Review of Paul & Cox’s, Beyond Humanity: Cyberevolution and Future Minds

Gregory Scott Paul (1954 – ) is a freelance researcher, author and illustrator who works in paleontology, sociology and theology. Earl D. Cox is the founder of Metus Systems Group and an independent researcher. Their book, Beyond Humanity: Cyberevolution and Future Mindsis an assault on the mindset of those who oppose their view of scientific progress.

Paul and Cox argue that the universe, as well as all life and mind within it, have evolved over time from the bottom up. However, genes now have little to do with our evolution—science and technology move the accelerating rate of evolution. In the course of that evolution a general pattern emerges—more change in less time. While it took nature a long time to produce a bio-brain, technology will produce a cyber-brain much faster.

Despite its promises people are ambivalent about science and technology (SciTech). They believe it will improve their lives, yet it has contributed to the death of millions. Its success has, in some sense, backfired. To be completely accepted SciTech must solve the problems of suffering and death which inevitably leads to questions about human nature. When taking a good look at human nature, the authors conclude that there is good news—we have brains that produce self-aware, conscious thought which is itself connected with wonderful auditory and visual systems. However, our bodies need sleep, demand exercise, lust for fatty foods, and have limited mobility and strength.

The bad news continues if we consider the limited memories and storage capacity of our brain. We upload information slowly; often cannot control our underdeveloped emotions; are easily conditioned by all sorts of irrationalities as children; have difficulty unlearning old falsehoods as adults; don’t know how our brains work; often cannot change unwanted behavioral patterns; and brain chemicals control our moods—suggesting that we are much less free than we admit. Moreover, when individual minds join they are particularly destructive, often killing each other at astonishing rates. We are also vulnerable to: brainwashing, pain, sun, insects, viruses, trauma, broken bones, disease, infection, organ failure, paralysis, miniscule DNA glitches, cancer, depression, and psychosis. We degrade and suffer pain as we age, and we die without a backup system since evolution perpetuates our DNA not our minds. On the whole, this is not a pretty picture.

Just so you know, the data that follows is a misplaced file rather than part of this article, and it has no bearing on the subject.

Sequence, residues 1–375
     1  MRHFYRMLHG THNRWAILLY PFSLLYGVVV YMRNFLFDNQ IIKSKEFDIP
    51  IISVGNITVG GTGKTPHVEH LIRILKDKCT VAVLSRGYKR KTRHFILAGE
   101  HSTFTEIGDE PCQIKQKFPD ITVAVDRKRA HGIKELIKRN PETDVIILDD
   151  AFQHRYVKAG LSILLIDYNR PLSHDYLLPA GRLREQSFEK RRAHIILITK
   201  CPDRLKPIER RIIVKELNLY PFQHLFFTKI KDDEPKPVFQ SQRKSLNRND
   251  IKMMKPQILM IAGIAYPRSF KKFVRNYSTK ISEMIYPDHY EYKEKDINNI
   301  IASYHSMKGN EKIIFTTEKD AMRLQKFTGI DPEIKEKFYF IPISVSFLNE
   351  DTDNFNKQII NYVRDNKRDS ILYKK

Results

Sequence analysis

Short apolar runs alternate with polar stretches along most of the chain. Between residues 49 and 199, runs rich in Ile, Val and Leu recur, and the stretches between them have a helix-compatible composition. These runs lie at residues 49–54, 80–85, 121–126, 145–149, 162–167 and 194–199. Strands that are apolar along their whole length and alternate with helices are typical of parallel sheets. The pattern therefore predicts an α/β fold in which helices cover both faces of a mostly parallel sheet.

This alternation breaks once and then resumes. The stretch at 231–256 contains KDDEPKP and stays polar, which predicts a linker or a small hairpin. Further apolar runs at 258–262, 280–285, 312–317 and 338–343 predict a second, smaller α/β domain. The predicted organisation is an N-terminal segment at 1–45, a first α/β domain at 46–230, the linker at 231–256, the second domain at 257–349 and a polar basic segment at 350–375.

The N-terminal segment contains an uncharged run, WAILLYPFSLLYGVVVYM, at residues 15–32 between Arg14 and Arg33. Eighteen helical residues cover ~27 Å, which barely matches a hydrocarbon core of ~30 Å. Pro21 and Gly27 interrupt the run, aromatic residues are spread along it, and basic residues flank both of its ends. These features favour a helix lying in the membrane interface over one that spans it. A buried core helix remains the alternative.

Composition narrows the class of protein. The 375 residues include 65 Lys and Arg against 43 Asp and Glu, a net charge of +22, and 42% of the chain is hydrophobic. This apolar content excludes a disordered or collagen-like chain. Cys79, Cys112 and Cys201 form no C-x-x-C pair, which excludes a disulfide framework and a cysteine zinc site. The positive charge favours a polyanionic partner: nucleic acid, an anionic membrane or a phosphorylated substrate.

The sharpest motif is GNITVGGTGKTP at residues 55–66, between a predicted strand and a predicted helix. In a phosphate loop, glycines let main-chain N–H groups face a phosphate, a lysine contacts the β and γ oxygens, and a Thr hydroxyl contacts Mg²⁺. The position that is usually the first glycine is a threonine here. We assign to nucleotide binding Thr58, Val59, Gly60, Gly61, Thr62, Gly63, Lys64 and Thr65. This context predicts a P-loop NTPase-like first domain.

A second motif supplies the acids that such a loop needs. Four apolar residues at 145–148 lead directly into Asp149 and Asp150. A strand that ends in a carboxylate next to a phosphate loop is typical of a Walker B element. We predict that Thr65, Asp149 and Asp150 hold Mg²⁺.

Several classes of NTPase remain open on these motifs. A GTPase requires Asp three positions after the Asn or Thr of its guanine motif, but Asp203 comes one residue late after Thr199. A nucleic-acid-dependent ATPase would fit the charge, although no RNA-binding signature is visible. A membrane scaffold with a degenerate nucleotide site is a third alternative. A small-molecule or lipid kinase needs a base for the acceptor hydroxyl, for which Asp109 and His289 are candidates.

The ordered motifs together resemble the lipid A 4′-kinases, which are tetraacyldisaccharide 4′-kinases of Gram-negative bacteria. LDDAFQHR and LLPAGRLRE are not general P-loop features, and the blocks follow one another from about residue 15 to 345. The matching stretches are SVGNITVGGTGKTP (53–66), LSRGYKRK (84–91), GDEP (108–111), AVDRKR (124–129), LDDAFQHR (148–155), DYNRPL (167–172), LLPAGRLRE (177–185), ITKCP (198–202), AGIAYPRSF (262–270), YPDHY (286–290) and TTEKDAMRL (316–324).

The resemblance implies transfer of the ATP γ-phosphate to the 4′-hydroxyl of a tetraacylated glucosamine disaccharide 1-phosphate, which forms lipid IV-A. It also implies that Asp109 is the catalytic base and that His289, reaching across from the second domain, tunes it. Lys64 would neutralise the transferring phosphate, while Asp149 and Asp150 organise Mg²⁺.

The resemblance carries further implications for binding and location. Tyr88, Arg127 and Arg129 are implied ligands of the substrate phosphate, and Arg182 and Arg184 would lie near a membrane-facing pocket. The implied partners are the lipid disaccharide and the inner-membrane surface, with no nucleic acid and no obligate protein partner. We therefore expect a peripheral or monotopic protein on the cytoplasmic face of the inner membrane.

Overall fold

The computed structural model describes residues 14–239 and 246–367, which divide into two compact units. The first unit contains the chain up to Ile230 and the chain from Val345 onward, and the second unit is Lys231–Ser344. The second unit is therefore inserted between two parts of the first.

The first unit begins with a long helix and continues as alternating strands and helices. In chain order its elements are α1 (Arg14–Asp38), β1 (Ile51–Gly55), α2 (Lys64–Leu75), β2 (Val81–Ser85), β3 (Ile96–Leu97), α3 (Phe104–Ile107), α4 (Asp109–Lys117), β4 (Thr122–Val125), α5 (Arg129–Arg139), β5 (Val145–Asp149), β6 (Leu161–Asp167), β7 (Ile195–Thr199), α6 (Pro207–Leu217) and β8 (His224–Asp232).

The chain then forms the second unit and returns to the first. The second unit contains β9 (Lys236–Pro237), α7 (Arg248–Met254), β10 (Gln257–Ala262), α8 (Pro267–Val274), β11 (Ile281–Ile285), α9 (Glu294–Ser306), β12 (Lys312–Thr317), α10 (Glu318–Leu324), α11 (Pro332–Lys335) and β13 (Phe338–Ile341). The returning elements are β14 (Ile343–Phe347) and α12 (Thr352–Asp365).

Disease and aging can be thought of as a war which matches our brains and computers versus the RNA and DNA computers of microbes and diseased cells. What is the best way to win this war? Regeneration from our DNA would only regenerate the body—the mind would still have died—so it is not a wholly promising approach. The way around this limitation is to have a nanocomputer within your brain that receives downloads from your conscious mind. If the mind storage unit receives continuous downloads you can always be brought back after death—you would be immortal. But why stop there? Why not just make an indestructible cyber-body and cyber-brain? Why not become immortal cyber-beings?

This all leads to questions about us becoming gods. The authors argue that the existence of gods is a science and engineering project—we can create minds as powerful as those of our imaginary gods with sufficient technology. Of course supernaturalism opposes this project, but SciTech will win the struggle, just as it has historically dismantled other supernatural superstitions one by one. Science will defeat supernaturalism by explaining it, by providing in reality what religions supply only in the imagination. When science conquers death and suffering, religion will die; religions fundamental reason for being—comforting our fear of death—will become irrelevant. As for the custodians of religion, the theologians, the authors issue a stern warning:

Theologians are like a group of Homo erectus huddling around a fire, arguing over who should mate with whom, and which clan should live in the green valley, while paying no mind to the mind-boggling implications of the first Homo sapiens … Theologians of the world … the affairs you devote so much attention to are in danger of having as much meaning as the sacrifices offered to Athena … science and technology may be about to deliver … minds [that] will no longer be weak and vulnerable to suffering, and they will never die out. The gods will soon be dead, but they will be replaced with real minds that will assume the power of gods, gods that may take over the universe and even make new universes. It will be the final and greatest triumph of science and technology over superstition.[i] 

Summary – We should proceed beyond humanity, overcoming the religious impulses which are the last vestige of superstition.

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[i] Gregory Paul and Earl Cox, Beyond Humanity: CyberEvolution and Future Minds (Rockland, MA.: Charles River Media, 1996), 415.

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Summary of Jaron Lanier’s, “One Half A Manifesto”

Jaron Lanier (1960 – ) is a pioneer in the field of virtual reality who left Atari in 1985 to found VPL Research, Inc., the first company to sell VR goggles and gloves. In the late 1990s Lanier worked on applications for Internet2, and in the 2000s he was a visiting scholar at Silicon Graphics and various universities. More recently he has acted as an advisor to Linden Lab on their virtual world product Second Life, and as “scholar-at-large” at Microsoft Research where he has worked on the Kinect device for Xbox 360.